So, regulators want more competition even if the current products are free or cheap, and they definitely want to be more skeptical of acquisitions. And we probably have a certain amount of over-compensation for what’s now considered to be the failure to block the Instagram or WhatsApp acquisitions, and a desire to plant a flag with a big resounding test case. That gets us to Within, and a third antitrust question - market definition (which I discussed here).
Was Instagram in the same market as Facebook? It might not have been clear at the time, but now it clearly is. But Within is not a social network of any kind - it’s a good company in a new, very small and different space where Meta wants to build a business. And how about VR itself? Meta thinks that in 5 or 10 years VR will be the new smartphone, and wants to have a leading position in it, and today it probably has dominance in VR headset sales. But there are only, say, 10m people using VR (hopefully we’ll find out in discovery), and calling a winner in VR seems a little like trying to call a winner in smartphone platforms in 2005 (I wrote about that here).
The FTC’s thesis is that Meta cannot buy Within because Meta dominates VR (or will) and Within dominates VR fitness (or will), but today we don’t know what VR nor VR fitness will be, nor whether Within or Meta will have dominance at all. It’s perfectly plausible than in two to three years more people will be using an Apple XR device and Apple Fitness+ than anything from Meta. It’s also perfectly plausible that they both fade away. Is the FTC calling market dominance in a market that doesn’t exist?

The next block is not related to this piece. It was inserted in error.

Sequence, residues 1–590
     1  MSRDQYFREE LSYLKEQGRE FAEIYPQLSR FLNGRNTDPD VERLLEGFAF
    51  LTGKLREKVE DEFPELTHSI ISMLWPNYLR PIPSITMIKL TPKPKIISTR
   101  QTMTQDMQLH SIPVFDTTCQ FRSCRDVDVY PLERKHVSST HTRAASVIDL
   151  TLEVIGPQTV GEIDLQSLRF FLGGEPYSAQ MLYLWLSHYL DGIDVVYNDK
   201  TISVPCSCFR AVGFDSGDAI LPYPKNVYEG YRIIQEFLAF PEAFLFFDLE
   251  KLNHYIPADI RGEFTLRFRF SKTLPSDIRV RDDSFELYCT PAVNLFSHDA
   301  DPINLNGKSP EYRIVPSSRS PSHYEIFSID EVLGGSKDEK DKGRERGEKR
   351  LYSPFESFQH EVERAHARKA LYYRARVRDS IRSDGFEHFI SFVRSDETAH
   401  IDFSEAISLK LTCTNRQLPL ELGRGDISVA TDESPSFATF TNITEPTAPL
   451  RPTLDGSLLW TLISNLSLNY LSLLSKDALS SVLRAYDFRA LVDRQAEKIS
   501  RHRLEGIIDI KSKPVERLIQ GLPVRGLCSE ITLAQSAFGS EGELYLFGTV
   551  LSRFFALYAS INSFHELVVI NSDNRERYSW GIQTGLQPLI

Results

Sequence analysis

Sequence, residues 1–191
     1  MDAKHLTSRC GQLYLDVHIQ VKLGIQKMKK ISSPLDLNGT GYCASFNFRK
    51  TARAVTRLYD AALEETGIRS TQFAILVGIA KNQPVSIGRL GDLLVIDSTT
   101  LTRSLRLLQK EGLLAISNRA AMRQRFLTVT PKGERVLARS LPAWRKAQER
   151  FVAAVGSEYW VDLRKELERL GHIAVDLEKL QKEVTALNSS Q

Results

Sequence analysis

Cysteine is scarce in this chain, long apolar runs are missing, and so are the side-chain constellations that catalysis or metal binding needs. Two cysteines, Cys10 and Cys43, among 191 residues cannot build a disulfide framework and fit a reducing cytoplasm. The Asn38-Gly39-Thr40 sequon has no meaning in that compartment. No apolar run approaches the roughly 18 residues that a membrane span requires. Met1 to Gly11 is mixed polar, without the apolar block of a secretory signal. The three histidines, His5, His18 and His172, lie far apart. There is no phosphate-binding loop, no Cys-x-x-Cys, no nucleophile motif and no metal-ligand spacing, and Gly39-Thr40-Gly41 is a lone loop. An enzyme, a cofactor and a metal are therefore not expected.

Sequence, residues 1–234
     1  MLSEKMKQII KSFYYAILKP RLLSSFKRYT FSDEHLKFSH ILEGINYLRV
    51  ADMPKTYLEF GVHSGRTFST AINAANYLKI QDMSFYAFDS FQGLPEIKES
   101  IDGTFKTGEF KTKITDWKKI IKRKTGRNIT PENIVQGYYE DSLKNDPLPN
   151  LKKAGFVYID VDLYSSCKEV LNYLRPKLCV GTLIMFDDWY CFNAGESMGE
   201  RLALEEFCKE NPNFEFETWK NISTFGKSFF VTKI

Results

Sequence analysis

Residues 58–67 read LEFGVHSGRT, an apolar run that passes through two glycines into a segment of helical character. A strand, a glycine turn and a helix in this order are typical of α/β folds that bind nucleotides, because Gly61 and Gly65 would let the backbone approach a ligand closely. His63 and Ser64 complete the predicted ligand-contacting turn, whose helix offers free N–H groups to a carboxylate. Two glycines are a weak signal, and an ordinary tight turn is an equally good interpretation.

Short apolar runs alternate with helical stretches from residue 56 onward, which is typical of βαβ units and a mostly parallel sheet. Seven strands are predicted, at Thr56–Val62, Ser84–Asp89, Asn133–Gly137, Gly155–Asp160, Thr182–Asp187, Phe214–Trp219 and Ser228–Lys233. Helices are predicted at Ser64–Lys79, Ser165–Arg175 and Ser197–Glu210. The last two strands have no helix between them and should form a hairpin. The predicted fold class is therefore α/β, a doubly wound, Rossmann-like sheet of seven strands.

These are problems that thoughtful competition policy people talk about a lot. Do you wait five years to see what happens, by which time it might be too late (or ten years, as the EU did with Google Shopping)? Or do you intervene early, accepting that this means you are now basing policy on consciously speculative theories about what might happen? We accept we need to move away from ex post intervention on ten year time lines, but what does ex ante actually mean in practice? And how do you think about companies with dominance in one space using that as leverage to build a strong position in another? Should Amazon have been allowed to buy Ring? What if that market entry made that field more competitive? Indeed, what about Amazon buying One Medical? There’s no way that’s connected to Amazon’s ecommerce market share, nor that One Medical has dominance… but will that deal get a lawsuit as well?